Let’s do this before my list of saved links to share gets any longer.
• Kickstarter: Stop Telling Women to Smile: Around The Country. From the Kickstarter pitch: Stop Telling Women to Smile is a public art series that addresses gender-based street harassment. The work consists of drawn portraits of women who have told their stories of harassment, and wheat pasting those portraits as posters with captions that speak directly to offenders on outdoor walls.
The goal of the campaign has been met and surpassed with still 11 days to go, but the more money they raise, the further their reach, and it doesn’t hurt to spread the word about it, too. Get their message to as many people as possible. So do take a look.
• Continuing on the harassment theme (and trigger warning for that!): Teaching Naked, Part 1 and Part 2. How a teacher turned a student’s written harassment of her into a learning experience, and the obstacles (read: misogyny) along the way.
• The Uncommon Beauty of Diana Nyad, & The Relentless Corporate and Media Censorship of Real Beauty by Karen Walrond. Earlier this month, Diana Nyad, a 64-year-old swimmer, swam the entire distance from Cuba to the United States without the help of a shark cage. Proving Karen’s point: this article is all I heard about it.
• A Question for Us All by Marsha Phillips: “If the concepts we discuss in our circles are universal, why aren’t our audiences more representative of the communities that we live in? Where are the people of color?” Food for thought and suggestions for creating a more inclusive blog/site. Relevant to everyone.
• On the Huff Post: 23 Things Every Woman Should Stop Doing. My kneejerk reaction to this website is ‘ugh’ and my kneejerk reaction to the article title is ‘don’t tell women what to do,’ so really it’s anybody’s guess why I clicked on the link… but this is a good list, actually. It would only be better if it were framed differently. After all, it’s basically a list of things that male-dominated, male-run society has ingrained in women to strip them of their confidence and control their lives. Yes, women internalize those things and dole them out as advice to other women via mediums ranging from word of mouth to magazines, but to blame that behavior on them is wrong and harmful. Here’s a better title for that article: 23 Things People Expect Women To Do But Women Don’t Owe Anyone. Here’s another better title: 23 Things Women Are Taught To Do That They Should Feel Free To Stop Doing. I’m sure I could come up with something more concise if my sister weren’t using my noisy old laptop in my room right now, but you get my drift.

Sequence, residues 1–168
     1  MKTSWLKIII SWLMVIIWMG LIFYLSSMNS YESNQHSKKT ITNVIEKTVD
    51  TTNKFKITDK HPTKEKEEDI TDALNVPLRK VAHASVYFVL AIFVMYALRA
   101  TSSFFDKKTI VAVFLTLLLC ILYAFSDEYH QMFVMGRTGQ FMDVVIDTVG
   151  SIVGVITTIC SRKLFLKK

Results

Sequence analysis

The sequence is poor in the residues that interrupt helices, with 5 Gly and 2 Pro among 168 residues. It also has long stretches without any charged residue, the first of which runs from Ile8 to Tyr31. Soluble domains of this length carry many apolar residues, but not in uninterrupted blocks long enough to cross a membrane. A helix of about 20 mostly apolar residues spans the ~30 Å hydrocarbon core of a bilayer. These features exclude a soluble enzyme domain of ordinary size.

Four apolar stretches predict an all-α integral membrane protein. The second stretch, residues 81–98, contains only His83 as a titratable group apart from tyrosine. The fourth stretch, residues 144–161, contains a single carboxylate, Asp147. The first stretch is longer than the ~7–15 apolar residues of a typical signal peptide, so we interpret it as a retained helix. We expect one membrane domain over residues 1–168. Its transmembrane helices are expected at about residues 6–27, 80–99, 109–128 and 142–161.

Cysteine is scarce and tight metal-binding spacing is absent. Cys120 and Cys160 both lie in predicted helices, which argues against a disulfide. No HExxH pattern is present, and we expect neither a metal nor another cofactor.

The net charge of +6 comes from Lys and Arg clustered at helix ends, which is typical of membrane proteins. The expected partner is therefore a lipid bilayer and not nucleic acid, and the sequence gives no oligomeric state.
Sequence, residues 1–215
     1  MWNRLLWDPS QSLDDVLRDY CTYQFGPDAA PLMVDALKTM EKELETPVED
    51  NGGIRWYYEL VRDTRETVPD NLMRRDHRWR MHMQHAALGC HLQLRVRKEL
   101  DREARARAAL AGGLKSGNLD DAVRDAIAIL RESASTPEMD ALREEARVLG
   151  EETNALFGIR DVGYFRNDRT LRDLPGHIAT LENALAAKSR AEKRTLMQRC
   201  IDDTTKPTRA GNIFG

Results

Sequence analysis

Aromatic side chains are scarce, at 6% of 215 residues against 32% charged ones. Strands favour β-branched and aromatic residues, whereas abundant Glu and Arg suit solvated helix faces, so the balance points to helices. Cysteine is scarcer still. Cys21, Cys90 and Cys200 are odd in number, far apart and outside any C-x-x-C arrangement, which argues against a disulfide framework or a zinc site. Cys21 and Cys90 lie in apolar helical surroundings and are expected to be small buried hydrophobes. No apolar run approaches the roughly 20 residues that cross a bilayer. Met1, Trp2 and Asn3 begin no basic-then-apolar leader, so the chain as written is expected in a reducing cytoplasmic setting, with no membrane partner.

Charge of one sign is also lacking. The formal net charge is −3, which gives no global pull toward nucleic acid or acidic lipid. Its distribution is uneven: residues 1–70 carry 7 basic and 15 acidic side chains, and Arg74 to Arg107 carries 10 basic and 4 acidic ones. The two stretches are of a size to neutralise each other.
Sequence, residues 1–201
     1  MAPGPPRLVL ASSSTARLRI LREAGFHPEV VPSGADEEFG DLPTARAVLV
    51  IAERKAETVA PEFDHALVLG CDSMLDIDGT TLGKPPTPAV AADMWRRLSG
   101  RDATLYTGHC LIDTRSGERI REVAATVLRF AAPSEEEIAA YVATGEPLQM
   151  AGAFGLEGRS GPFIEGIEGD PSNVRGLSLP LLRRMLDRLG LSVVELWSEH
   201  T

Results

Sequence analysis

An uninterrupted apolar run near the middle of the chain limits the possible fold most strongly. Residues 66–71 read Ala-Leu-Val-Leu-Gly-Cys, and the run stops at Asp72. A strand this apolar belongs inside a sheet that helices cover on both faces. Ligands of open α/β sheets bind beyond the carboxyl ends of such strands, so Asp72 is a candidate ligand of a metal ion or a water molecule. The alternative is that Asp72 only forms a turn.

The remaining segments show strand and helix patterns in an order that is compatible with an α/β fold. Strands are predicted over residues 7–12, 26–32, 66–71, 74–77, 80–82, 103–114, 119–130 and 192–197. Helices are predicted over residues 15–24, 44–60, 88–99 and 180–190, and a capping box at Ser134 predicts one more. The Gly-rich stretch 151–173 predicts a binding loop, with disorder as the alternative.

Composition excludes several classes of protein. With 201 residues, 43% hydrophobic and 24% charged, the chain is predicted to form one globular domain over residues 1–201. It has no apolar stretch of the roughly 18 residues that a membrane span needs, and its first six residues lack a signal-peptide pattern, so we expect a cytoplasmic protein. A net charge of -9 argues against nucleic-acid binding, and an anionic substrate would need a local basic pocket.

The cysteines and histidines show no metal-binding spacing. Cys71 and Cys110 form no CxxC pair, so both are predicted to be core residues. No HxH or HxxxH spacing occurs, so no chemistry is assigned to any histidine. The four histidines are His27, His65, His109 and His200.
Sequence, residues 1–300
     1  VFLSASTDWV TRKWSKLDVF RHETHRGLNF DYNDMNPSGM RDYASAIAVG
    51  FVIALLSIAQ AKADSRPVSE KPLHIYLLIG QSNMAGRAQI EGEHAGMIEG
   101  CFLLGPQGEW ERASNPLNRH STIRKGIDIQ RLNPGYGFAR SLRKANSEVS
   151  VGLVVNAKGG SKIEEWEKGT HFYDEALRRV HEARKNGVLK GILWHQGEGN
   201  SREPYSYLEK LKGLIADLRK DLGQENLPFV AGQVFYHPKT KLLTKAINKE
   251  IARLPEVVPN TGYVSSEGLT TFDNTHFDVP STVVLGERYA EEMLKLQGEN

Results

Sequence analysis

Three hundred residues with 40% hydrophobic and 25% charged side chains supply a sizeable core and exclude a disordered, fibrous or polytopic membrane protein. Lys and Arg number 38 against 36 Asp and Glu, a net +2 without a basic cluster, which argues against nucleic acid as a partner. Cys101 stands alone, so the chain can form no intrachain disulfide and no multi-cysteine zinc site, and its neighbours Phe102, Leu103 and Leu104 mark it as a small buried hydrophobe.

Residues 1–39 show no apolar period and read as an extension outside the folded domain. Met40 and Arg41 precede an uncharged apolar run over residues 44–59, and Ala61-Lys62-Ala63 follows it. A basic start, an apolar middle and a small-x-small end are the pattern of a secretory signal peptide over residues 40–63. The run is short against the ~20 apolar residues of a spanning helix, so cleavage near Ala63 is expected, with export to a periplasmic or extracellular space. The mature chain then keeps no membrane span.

• Your Best Is Enough: How to Take Care of Yourself and Run a Business at the Same Time by Hannah Braime. I could quote the whole thing and talk about how relevant it is to me, but here’s a tidbit: How we show up each day depends on how we’re doing, mentally, emotionally and physically. In order to show up at our best, we might need a morning, an afternoon, a day, 10 days off. Sometimes that means that the super duper important if-I-don’t-get-this-done-today-the-world-will-collapse tasks can wait until tomorrow (because they’ll still be there then). Truly worth a read.
• On Being Multi-Passionate by Kim Lawler. For anyone who, when writing a bio, ends up with a string of words like this: fine art photographer/product photographer/model/fashion designer/seamstress/graphic designer/blogger… and then some. Apparently there’s a new label going around to describe this sort of thing, and it’s “multipassionate solopreneurs.” It… sounds interesting. Douchey, says Kim. And I wonder if it’s more or less so than the term I sometimes apply to myself in the coziness of my own head: Renaissance woman.